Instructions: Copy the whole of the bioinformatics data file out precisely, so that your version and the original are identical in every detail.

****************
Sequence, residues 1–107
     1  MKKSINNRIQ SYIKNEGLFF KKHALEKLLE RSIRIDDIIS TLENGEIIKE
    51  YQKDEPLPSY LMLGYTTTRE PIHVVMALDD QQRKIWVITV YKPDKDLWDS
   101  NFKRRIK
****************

Sequence, residues 1–107
     1  MKKSINNRIQ SYIKNEGLFF KKHALEKLLE RSIRIDDIIS TLENGEIIKE
    51  YQKDEPLPSY LMLGYTTTRE PIHVVMALDD QQRKIWVITV YKPDKDLWDS
   101  NFKRRIK